On August 18, 1790 George Washington was welcomed to Newport, Rhode Island. Among the addresses given by the town’s citizens was one read by Moses Seixas from the Newport’s Hebrew congregation, expressing their affection and esteem for him and their gratitude to God for “a Government, which to bigotry gives no sanction, to persecution no assistance — but generously affording to all Liberty of conscience, and immunities of Citizenship.” The letter also touched on their previous deprivation of rights because of their religion.
In his reply, Washington assured the Hebrew congregation in their unspoken concerns as he affirmed their hopes, “All possess alike liberty of conscience and immunities of citizenship,” in his unequivocal declaration of religious liberty, “It is now no more that toleration is spoken of, as if it was by the indulgence of one class of people, that another enjoyed the exercise of their inherent natural rights. For happily the Government of the United States, which gives to bigotry no sanction, to persecution no assistance requires only that they who live under its protection should demean themselves as good citizens, in giving it on all occasions their effectual support.”
He was also laying down a marker for religious liberty. He had been President for only a few months, and the Bill of Rights had yet to be ratified.
“The state legislatures of Virginia, Massachusetts, Connecticut, and Georgia were in the process of debating the first ten Constitutional amendments (eventually known as the Bill of Rights) during the summer of 1790. Washington utilized heavy rhetoric, consistently reaffirming themes of liberty throughout his tour of Rhode Island.”1
Washington astutely recognized that to speak of tolerance was to imply two classes of citizens, and with the phrase, “All possess alike,” he swept the notion off the table, preempting the idea that, “the exercise of their inherent natural rights,” was to be decided by a select group. By saying that rights were inherent and natural, Washington reiterated the foundational ideas of the Declaration of Independence that all men are created equal, and that certain unalienable rights were endowed by God, not bestowed by man, and as such, the role of government was to secure those rights, not to give or take them away.
“…the separate and equal station to which the Laws of Nature and of Nature’s God entitle them…
“—We hold these truths to be self-evident, that all men are created equal, that they are endowed by their Creator with certain unalienable Rights, that among these are Life, Liberty and the pursuit of Happiness.
“—That to secure these rights, Governments are instituted among Men, deriving their just powers from the consent of the governed…”
And the words, “the Government of the United States, which gives to bigotry no sanction, to persecution no assistance,” undergirded Washington’s desire that, “every one shall sit in safety under his own vine and figtree, and there shall be none to make him afraid.”
This congregation later became known as the Touro Synagogue, and Washington’s letter is read annually. This year’s reading will be this upcoming Sunday.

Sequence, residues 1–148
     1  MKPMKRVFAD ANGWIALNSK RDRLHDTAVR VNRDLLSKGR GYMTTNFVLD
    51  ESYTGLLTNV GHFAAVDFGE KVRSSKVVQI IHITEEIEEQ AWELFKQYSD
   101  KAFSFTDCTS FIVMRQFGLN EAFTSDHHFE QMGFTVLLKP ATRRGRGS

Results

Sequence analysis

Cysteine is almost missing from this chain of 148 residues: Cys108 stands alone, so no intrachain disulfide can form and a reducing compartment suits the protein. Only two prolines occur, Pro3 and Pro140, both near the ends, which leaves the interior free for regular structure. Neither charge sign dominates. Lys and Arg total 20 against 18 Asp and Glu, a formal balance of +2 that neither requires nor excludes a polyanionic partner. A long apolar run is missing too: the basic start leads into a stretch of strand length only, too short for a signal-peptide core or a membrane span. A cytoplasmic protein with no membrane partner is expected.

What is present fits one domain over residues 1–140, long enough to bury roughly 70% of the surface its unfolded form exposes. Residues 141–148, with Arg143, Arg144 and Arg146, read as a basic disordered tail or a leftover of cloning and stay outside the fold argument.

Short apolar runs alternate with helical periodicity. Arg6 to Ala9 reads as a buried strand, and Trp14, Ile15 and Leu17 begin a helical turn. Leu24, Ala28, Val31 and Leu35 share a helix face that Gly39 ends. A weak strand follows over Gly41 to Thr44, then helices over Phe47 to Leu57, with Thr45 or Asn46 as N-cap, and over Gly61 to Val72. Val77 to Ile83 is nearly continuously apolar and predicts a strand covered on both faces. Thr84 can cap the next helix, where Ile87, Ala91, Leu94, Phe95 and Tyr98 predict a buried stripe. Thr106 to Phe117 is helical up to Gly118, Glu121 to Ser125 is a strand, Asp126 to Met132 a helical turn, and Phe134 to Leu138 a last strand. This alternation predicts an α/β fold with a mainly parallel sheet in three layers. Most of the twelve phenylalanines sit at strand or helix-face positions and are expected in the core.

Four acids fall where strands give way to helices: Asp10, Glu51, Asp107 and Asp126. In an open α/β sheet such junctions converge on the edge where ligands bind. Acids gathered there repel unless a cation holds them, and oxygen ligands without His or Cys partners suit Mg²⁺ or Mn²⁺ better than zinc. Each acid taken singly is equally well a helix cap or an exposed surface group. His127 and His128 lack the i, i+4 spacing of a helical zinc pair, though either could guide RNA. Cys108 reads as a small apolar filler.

To the Hebrew Congregation in Newport, Rhode Island
[Newport, R.I., 18 August 1790]
While I receive, with much satisfaction, your Address replete with expressions of affection and esteem; I rejoice in the opportunity of assuring you, that I shall always retain a grateful remembrance of the cordial welcome I experienced in my visit to Newport, from all classes of Citizens.
The reflection on the days of difficulty and danger which are past is rendered the more sweet, from a consciousness that they are succeeded by days of uncommon prosperity and security. If we have wisdom to make the best use of the advantages with which we are now favored, we cannot fail, under the just administration of a good Government, to become a great and a happy people.
The Citizens of the United States of America have a right to applaud themselves for having given to mankind examples of an enlarged and liberal policy: a policy worthy of imitation. All possess alike liberty of conscience and immunities of citizenship It is now no more that toleration is spoken of, as if it was by the indulgence of one class of people, that another enjoyed the exercise of their inherent natural rights. For happily the Government of the United States, which gives to bigotry no sanction, to persecution no assistance requires only that they who live under its protection should demean themselves as good citizens, in giving it on all occasions their effectual support.
It would be inconsistent with the frankness of my character not to avow that I am pleased with your favorable opinion of my Administration, and fervent wishes for my felicity. May the Children of the Stock of Abraham, who dwell in this land, continue to merit and enjoy the good will of the other Inhabitants; while every one shall sit in safety under his own vine and figtree, and there shall be none to make him afraid. May the father of all mercies scatter light and not darkness in our paths, and make us all in our several vocations useful here, and in his own due time and way everlastingly happy.2
1Yaari Tal, “Touro Synagogue,” The Digital Encyclopedia of George Washington, accessed August 18, 2017, http://www.mountvernon.org/digital-encyclopedia/article/touro-synagogue.
2“From George Washington to the Hebrew Congregation in Newport, Rhode Island, 18 August 1790,” Founders Online, National Archives, last modified June 29, 2017, http://founders.archives.gov/documents/Washington/05-06-02-0135. [Original source: The Papers of George Washington, Presidential Series, vol. 6, 1 July 1790 – 30 November 1790, ed. Mark A. Mastromarino. Charlottesville: University Press of Virginia, 1996, pp. 284–286.]
Touro Synagogue, National Historic Site, http://www.tourosynagogue.org.